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Emulate TPB on PI for advice firms says SMSF Association

Mike Taylor11 January 2022
Yellow envelope with red stamp with Evidence written

Financial advice licensees would need to deliver far more definitive undertakings about the extent of their professional indemnity (PI) insurance coverage under recommendations being pushed by the SMSF Association.

The SMSF Association wants advice licensees to be subject to a similar regime on PI to that overseen by the Tax Practitioners Board (TPB) which would require them to provide details of the PI policy they hold and to declare that the requirements for insurance have been met”.

The SMSF Association submission to the Senate Economics Committee inquiry into the Compensation Scheme of Last Resort (CSLR) follows on from the Financial Planning Association (FPA) having already warned a Parliamentary Committee that regulators are not necessarily checking whether the level of PI insurance held by licensees is sufficient.

Echoing the substance of that evidence, the SMSF Association submission said there were “concerns regarding the level of regulatory oversight with regards to professional indemnity insurance”.

“The level of oversight needs to be more robust with standards actively monitored and upheld. Likewise, the regulations require strengthening,” the association said.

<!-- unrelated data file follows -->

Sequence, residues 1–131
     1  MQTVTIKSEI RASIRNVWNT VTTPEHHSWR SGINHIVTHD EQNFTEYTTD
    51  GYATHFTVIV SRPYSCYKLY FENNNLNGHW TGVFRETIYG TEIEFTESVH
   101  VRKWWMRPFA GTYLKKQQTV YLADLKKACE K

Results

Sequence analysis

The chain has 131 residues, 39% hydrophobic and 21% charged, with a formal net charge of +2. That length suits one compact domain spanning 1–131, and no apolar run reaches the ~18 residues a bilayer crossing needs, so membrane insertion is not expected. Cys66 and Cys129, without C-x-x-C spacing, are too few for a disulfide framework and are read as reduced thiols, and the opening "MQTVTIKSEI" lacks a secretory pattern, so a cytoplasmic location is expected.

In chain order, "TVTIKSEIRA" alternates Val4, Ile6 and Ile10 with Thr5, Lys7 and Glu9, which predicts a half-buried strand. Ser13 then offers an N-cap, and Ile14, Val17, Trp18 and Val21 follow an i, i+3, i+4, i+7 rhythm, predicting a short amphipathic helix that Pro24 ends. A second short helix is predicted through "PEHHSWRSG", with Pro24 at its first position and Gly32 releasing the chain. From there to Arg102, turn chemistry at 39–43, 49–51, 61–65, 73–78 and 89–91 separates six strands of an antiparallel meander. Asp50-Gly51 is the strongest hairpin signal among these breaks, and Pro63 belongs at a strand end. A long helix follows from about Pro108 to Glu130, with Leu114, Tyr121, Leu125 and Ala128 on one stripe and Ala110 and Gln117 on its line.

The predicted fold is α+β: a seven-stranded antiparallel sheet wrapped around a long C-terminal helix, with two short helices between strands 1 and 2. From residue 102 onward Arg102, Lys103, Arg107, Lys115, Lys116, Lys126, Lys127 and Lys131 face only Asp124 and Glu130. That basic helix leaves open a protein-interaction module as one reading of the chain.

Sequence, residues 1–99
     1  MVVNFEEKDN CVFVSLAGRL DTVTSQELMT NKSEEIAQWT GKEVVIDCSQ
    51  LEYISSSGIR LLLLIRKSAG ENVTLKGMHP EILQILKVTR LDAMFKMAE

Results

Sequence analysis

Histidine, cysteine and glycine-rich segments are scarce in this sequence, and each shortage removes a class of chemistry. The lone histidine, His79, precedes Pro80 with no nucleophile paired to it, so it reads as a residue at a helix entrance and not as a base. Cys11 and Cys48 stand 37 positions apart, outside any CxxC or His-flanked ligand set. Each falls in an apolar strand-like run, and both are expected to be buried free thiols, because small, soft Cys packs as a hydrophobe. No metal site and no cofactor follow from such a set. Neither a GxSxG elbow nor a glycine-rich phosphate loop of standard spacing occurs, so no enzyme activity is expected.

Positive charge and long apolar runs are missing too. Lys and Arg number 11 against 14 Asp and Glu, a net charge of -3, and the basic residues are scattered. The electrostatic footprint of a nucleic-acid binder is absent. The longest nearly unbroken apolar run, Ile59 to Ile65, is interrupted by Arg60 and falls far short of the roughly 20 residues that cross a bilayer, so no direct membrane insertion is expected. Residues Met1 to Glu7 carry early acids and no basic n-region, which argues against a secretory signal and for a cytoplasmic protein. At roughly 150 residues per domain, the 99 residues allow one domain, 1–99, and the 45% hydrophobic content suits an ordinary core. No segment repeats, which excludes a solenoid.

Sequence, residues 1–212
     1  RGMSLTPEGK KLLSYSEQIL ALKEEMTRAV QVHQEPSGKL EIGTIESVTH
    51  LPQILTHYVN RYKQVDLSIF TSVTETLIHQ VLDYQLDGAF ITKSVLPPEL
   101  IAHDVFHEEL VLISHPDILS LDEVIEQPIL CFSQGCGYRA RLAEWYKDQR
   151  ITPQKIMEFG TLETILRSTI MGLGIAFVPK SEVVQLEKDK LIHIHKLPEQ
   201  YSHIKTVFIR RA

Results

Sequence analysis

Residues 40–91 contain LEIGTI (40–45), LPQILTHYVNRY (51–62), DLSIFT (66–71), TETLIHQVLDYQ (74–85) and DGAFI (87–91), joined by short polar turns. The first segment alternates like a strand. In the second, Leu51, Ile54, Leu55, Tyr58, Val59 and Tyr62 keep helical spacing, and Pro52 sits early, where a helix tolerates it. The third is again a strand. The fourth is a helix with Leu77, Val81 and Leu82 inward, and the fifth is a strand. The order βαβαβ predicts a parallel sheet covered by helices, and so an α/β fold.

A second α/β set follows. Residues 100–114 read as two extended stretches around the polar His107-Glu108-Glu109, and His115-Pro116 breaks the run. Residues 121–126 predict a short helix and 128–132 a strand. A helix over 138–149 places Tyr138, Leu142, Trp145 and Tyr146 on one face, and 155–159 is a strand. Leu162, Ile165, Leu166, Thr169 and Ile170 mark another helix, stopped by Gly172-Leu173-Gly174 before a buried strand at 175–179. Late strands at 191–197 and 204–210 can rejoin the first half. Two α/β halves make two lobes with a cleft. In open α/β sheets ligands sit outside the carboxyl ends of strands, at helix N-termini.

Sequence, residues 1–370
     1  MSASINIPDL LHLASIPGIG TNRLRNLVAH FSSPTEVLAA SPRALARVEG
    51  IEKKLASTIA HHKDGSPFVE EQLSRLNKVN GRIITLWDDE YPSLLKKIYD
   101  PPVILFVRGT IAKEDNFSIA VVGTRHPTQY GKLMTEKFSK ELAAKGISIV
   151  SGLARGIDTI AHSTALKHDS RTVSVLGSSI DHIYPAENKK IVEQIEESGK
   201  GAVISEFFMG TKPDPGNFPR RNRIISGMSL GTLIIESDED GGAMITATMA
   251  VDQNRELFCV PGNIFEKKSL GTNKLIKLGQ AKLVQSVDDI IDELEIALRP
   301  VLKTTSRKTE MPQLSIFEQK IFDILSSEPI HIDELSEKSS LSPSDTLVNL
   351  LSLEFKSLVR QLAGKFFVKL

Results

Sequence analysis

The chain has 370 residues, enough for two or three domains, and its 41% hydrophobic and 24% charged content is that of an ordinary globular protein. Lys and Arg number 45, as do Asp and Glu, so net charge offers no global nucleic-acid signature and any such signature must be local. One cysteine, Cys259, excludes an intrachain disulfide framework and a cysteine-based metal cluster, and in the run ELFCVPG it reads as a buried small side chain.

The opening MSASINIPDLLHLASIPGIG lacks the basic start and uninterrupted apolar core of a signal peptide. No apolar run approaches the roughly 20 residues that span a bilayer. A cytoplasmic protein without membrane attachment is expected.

“The Tax Practitioners Board requires all registrants to provide details of the professional

indemnity policy held and a declaration that the requirements for insurance have been met. This must be provided on registration and updated at least annually when a policy is renewed or replaced. Importantly, failure to meet the professional indemnity requirements is a breach of the Code of Professional Conduct and can result in the termination of the individual or entities registration.”

“The TPB model and standards provides a good working model on which to build upon for the financial advice sector.”

“Compulsory measures should be in place to provide a minimum level and duration of run-off cover where a financial services business cease. Where the business seeks to reduce the scope of its licensed activities, similar arrangements for run off cover should be in place for the services no longer offered in addition to the professional indemnity cover required for the ongoing business operations.”

“Similarly, greater work needs to be done with the insurance sector to ensure that policies that meet the required standards are available to the market and are fit for purpose. This has been left unchecked for far too long and has resulted in issues such as limited access to run off cover.”

“With appropriate standards and regulations that are actively regulated by ASIC, it is likely that many claims that seek to be remedied via this scheme would be adequately addressed via professional indemnity insurance.”

Mike Taylor

Mike Taylor

Managing Editor/Publisher, Financial Newswire

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